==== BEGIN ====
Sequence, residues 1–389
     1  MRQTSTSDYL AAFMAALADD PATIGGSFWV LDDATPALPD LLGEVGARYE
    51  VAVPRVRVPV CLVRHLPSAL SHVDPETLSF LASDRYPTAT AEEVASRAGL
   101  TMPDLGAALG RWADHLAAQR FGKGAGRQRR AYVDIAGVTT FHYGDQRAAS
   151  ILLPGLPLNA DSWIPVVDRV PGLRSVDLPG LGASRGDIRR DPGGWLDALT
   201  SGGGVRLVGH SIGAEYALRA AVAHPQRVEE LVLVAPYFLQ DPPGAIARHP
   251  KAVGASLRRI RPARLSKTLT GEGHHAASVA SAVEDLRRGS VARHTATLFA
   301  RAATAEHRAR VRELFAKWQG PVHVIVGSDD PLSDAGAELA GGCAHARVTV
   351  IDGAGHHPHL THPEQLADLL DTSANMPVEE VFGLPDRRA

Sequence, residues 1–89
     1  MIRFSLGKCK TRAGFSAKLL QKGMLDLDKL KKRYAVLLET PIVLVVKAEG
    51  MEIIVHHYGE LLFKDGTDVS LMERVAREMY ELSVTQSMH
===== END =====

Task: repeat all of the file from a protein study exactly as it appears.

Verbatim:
Sequence, residues 1–389
     1  MRQTSTSDYL AAFMAALADD PATIGGSFWV LDDATPALPD LLGEVGARYE
    51  VAVPRVRVPV CLVRHLPSAL SHVDPETLSF LASDRYPTAT AEEVASRAGL
   101  TMPDLGAALG RWADHLAAQR FGKGAGRQRR AYVDIAGVTT FHYGDQRAAS
   151  ILLPGLPLNA DSWIPVVDRV PGLRSVDLPG LGASRGDIRR DPGGWLDALT
   201  SGGGVRLVGH SIGAEYALRA AVAHPQRVEE LVLVAPYFLQ DPPGAIARHP
   251  KAVGASLRRI RPARLSKTLT GEGHHAASVA SAVEDLRRGS VARHTATLFA
   301  RAATAEHRAR VRELFAKWQG PVHVIVGSDD PLSDAGAELA GGCAHARVTV
   351  IDGAGHHPHL THPEQLADLL DTSANMPVEE VFGLPDRRA

Sequence, residues 1–89
     1  MIRFSLGKCK TRAGFSAKLL QKGMLDLDKL KKRYAVLLET PIVLVVKAEG
    51  MEIIVHHYGE LLFKDGTDVS LMERVAREMY ELSVTQSMH